Ancillary Care Obligations


Ancillary Care Obligations are moral duties binding a medical researcher to provide information, treatment, or other resources to study participants for reasons other than scientific soundness, roughly their responsibilities are conducting medical research to aid study participants for diseases or injuries that were not caused by the study.

In the “ Ancillary Care Obligations in the Light of an African Bioethics” by Thaddeus Metz, he explains the model called the partial-entrustment model presented by Henry Richardson which concerns what medical researchers are morally required to provide to participants beyond what safety requirements.

However, Metz disagrees with some main topics within the model and provides a new theory that should be a stronger argument for ancillary care obligations.

Richardson’s Models

Richardson’s theory “partial-entrustment model” is ultimately grounded on the value of autonomy, it is roughly the view, upon waiving privacy rights and providing information to the researcher, the latter becomes obligated to support participants’ health in light of the information acquired from them, even if their need for medical assistant has not been caused by the study. He explains that ancillary care obligations arise when patient autonomy is reduced or threatened by virtue of disclosing intimate information about themselves with the researcher. This central claim of the model is simply by providing researchers with special permissions and participants efficiently entrusting the researchers with the special responsibilities to look after their needs when they discover that acting on their permissions. As Richarson says “ The basis of the special ancillary care obligations, then lies in the special responsibility for protecting participants’ autonomy falls to researchers when they accept the participants waivers of their private rights”, which means researchers incurs an obligation to protect them from harm discovered by means of that information.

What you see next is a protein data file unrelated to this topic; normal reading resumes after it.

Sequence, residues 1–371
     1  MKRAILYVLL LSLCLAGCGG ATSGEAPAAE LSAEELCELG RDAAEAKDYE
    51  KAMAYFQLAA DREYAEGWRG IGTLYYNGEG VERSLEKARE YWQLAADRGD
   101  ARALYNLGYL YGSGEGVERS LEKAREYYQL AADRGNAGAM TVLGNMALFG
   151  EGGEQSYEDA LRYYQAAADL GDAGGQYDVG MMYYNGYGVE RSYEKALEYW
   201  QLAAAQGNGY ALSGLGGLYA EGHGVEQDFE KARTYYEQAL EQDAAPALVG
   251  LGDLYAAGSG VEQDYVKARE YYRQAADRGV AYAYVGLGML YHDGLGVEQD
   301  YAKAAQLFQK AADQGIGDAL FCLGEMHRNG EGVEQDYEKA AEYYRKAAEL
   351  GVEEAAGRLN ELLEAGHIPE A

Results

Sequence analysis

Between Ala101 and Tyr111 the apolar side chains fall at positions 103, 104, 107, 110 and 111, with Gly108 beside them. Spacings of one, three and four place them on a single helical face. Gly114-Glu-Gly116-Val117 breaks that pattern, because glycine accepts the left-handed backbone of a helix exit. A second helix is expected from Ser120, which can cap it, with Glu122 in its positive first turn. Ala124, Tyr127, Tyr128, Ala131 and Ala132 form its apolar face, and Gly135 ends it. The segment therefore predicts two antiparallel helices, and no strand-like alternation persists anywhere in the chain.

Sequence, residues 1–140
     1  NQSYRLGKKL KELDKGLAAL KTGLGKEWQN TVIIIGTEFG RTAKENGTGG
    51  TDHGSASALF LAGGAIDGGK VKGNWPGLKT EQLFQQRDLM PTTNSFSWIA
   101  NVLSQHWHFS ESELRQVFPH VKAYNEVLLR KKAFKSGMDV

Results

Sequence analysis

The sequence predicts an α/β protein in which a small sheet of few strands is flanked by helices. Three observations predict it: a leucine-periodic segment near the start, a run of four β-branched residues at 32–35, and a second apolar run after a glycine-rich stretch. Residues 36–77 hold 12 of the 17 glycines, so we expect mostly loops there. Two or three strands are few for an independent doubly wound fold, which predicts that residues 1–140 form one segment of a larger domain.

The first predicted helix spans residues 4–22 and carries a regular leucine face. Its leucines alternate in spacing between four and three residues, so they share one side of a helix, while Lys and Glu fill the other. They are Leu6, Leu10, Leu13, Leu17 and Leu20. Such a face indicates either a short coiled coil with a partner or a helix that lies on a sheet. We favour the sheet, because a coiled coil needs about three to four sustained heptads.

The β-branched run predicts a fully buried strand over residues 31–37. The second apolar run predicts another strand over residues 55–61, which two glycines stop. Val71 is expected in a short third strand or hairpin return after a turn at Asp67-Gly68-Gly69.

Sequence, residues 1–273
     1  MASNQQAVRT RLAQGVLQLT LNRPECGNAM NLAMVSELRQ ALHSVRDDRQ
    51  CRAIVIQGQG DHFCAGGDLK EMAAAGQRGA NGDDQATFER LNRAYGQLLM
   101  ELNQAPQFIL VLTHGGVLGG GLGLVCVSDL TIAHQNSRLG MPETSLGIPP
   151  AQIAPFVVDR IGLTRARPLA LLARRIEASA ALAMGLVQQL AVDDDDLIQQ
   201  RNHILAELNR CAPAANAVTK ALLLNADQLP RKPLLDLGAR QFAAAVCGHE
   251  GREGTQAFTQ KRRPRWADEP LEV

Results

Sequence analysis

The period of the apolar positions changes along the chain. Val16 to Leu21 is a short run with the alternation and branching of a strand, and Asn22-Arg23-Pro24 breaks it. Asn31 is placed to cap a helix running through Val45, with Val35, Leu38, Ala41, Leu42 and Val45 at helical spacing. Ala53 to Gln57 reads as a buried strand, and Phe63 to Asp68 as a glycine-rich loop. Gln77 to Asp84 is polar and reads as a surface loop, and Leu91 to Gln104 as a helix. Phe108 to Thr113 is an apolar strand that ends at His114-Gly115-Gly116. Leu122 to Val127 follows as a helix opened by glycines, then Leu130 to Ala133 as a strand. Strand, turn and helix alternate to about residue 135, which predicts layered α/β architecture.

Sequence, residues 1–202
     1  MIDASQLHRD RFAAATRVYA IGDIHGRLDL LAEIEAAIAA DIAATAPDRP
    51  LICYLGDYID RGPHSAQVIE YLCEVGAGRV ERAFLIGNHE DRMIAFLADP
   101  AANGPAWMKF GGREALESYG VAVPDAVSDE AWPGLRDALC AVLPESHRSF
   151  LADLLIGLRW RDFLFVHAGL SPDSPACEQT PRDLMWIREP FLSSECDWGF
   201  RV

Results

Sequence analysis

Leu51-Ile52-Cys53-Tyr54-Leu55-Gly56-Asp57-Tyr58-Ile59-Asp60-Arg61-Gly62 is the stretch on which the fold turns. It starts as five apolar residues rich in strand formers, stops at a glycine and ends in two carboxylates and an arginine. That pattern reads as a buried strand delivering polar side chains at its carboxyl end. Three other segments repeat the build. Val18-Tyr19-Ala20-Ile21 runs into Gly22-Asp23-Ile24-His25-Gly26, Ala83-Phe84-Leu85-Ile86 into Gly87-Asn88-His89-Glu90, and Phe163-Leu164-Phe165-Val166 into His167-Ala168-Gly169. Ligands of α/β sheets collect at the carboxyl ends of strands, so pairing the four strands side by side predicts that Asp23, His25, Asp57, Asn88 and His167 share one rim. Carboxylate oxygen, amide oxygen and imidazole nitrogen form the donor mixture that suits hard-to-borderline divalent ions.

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Metz Model

In Metz approach to ancillary care obligations, he provides a new theory that is grounded on the ideals of communion salient in African philosophical tradition. According to this perspective ethic, act is right insofar as it honors communal relations,ones of identity and solidarity. Kenyan historian of African philosophy Dismas Malasolo, highlights what he calls the “communitarian values” of living a life of mutual concern for the welfare of others, such as in a cooperative creation and distribution of wealth…. feeling integrated with as well as willing to integrate others into a web of relations free of friction and conflict. This Afro- communal ethic includes everything that is a care ethic prize, as it prescribes acting to improve others and quality of life to a certain attitude of sympathy and altruism. He considers that informed consent is possible captured by the idea that conducting research on or treating someone without his consent would be essential to degrade his capacity to generally share a way of life and not so much a failure to care for him.

Metz Vs Richardson